Activity: Explain that the liter of liquid represents all the water in the world. Divide the campers into 6 groups and explain each group will have one source of water for all their needs. Let them choose which one they want and guess how much water they will get. Measure out the liquid into cups: Ice 20.6 mL (roughly 2 tablespoons); groundwater 9.0 mL; lakes 0.08 mL; swamps 0.01 mL (roughly 5 drops); rivers 0.002 mL (roughly 1 drop). Last group gets the rest of the drink representing the oceans 970 mL. Before you give this group the remaining water, congratulate them on getting the largest source and then dump the salt into it, explaining that they won’t be able to drink it. Explain that only 3% of the world’s water is freshwater. Tell the groups they can drink the water, but first they need to decide how they will divide it among themselves. Say the blessing for drinking water together (she-ha-kol ni-hiyeh b’dvaro.)
Debrief: Discuss what they learned about water. Why is there a blessing for water? Explain the basics of fracking. Is fracking a good use of water? Where does your camp’s water come from? What does your camp do to make sure it stays clean? If you don’t know, how can you find out?
2) Drilling Disaster
Objective: Learn about some of the consequences associated with fracking and extraction of all fossil fuels.
Materials: Chocolate chip cookies, toothpicks, plates or napkins
Introduction: Discuss what the campers know about energy. Where do we get it from? From fossil fuels including gas. How do we get it? Discuss extraction, conversion to electricity, distribution, and use.
Activity: Tell the campers they are going to become frackers. They will receive a cookie which represents a parcel of land to be fracked. Their job is to extract the gas (chips) as carefully as possible. After a few minutes, ask them to describe what happened to the cookies, and why. Before you continue the discussion, stop to eat the cookies, saying the blessing first (mi-nei m-zone-ot).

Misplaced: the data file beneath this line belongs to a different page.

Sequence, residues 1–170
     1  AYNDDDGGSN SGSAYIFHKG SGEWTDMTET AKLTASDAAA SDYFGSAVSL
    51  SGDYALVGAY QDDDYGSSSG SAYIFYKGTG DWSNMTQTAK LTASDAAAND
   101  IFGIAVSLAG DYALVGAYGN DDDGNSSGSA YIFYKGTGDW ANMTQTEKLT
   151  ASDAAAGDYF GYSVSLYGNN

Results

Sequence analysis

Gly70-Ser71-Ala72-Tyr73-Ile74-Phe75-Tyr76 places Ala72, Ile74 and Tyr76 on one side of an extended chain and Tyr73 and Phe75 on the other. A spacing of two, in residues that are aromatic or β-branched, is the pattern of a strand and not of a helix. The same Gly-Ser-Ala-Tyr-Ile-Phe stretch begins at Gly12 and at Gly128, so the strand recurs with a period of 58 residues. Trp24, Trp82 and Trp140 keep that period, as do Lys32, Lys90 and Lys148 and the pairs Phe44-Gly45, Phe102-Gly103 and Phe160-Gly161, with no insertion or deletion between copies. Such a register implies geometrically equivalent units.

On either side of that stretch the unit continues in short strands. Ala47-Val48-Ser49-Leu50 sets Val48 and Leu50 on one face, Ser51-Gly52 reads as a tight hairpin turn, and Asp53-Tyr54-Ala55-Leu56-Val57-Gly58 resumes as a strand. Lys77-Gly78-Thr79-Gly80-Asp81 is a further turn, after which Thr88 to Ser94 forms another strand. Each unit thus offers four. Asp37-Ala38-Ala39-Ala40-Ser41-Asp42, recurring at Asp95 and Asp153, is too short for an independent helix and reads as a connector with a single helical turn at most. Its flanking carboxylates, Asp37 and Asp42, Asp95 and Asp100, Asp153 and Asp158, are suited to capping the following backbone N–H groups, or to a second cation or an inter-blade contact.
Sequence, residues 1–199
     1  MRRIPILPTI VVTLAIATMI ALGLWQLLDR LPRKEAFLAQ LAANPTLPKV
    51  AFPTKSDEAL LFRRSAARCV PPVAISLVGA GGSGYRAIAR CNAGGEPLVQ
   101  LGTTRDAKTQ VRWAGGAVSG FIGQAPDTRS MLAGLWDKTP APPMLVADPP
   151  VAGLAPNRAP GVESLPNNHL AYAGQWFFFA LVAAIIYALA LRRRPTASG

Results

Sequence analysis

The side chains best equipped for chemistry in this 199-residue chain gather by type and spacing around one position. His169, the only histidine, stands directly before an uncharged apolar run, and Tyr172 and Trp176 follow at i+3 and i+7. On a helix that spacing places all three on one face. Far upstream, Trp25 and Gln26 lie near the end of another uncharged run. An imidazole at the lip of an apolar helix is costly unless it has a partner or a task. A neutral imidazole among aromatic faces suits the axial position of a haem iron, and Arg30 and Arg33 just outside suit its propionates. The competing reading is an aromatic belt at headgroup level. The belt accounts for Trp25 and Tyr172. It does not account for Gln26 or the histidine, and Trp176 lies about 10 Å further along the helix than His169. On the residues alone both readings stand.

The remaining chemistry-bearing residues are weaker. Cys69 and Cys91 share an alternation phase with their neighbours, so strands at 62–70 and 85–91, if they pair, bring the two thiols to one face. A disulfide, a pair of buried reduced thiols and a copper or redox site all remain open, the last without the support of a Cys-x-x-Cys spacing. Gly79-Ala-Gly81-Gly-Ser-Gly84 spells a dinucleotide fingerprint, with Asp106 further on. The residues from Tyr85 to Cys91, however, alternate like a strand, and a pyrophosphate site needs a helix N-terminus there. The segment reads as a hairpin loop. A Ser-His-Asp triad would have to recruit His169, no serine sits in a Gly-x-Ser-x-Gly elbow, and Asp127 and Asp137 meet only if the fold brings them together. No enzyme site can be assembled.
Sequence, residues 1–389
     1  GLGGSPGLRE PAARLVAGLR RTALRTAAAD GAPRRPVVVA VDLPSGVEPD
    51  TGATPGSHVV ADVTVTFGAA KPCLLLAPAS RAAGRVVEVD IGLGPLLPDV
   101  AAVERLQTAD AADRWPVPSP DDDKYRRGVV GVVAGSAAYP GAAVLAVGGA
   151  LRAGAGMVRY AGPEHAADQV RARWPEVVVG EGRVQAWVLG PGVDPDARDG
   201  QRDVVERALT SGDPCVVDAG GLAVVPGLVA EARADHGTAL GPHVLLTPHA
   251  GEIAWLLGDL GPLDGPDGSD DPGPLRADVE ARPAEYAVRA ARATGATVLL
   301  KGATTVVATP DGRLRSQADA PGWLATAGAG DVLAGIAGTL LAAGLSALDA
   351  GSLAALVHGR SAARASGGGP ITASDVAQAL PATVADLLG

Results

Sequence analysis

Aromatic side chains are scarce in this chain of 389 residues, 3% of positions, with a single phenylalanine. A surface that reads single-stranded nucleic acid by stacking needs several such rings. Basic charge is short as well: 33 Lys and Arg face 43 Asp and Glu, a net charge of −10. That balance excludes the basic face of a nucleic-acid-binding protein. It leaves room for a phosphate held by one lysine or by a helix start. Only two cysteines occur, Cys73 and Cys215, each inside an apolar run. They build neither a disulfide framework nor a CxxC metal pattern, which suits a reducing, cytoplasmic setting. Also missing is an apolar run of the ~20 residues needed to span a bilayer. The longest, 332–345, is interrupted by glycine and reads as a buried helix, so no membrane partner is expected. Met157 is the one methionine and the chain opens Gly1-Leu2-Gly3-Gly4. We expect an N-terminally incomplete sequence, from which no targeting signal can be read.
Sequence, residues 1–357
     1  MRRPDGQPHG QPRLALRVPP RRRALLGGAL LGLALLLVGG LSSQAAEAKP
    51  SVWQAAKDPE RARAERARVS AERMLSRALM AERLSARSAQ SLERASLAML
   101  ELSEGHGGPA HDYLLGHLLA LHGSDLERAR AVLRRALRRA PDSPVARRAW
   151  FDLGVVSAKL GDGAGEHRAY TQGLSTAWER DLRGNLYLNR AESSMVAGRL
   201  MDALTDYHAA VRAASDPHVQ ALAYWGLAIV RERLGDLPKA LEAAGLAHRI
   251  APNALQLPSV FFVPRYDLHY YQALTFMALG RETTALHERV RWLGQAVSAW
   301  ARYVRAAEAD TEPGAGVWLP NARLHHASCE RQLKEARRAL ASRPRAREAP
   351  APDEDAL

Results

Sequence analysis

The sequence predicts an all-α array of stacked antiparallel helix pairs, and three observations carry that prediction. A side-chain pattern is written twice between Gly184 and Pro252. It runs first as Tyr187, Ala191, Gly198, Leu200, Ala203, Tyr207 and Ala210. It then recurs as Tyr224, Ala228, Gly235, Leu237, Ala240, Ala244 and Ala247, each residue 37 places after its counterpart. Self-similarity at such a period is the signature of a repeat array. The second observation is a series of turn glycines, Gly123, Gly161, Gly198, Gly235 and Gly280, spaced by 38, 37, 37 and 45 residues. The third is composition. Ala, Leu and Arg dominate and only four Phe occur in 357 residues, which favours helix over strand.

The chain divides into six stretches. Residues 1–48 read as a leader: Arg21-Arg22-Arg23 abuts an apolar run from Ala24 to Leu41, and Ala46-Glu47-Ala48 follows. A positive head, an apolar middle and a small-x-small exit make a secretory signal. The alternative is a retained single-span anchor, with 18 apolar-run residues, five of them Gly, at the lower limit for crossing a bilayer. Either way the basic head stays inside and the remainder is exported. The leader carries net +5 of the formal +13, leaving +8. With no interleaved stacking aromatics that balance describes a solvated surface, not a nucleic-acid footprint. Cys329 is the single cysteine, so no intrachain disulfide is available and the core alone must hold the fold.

Debrief: Discuss what happened to the cookie. Discuss what happens to the land, air and water in fracking. What is the alternative? Discuss the difference between renewable and non-renewable energy sources.
3) Exploring the Ethics of Fracking
Objective: Consider how fracking effects different people.
Introduction: Discuss that the campers know about energy. Where do we get it from? Explain the basics of fracking. Make a list of all of the people who are involved from the people who own the land, to the workers, to the consumers.
Activity: Divide into groups and give each group a Jewish text. Ask them to discuss how this text might inform what we should do about fracking. After they discuss it, ask them to create a 30 second “commercial” or “public service announcement” that teaches the moral lesson of this text. It should include reading the text, the moral of the text, and practical suggestions of how to put the moral into action according to the text.
“One is forbidden from gaining a livelihood at the expense of another’s health.” Rabbi Isaac b. Sheshet, Resp. 196, 14thC
“When you build a new house, you shall make a parapet (fence) for your roof, so that you do not bring bloodguilt on your house if anyone should fall from it.” Deuteronomy 22:8
“Do not stand idly by the blood of your neighbor…Love your neighbor as yourself.” Leviticus 19:16, 19:18
Debrief: Was it easy or hard to apply these teachings to fracking? What should we do when some people will benefit from fracking and some will be harmed? What is our responsibility as people who are consumers of energy? What can we do individually and as a society to minimize harm from fracking?
Source: Adapted from NoamDolgin.com
Music: Natalie Merchant sings about fracking: I Don’t Want Your Millions Mister; Sean Lennon, Yoko Ono and Friends: Don’t Frack My Mother; The Fracking Song explains the issue with a rap video; Sweet Water by Anna Huckabee Tull is a song of gratitude for water. And of course, U’Shavtem Mayim is a great song to open a discussion about how water is valued so highly in Jewish tradition.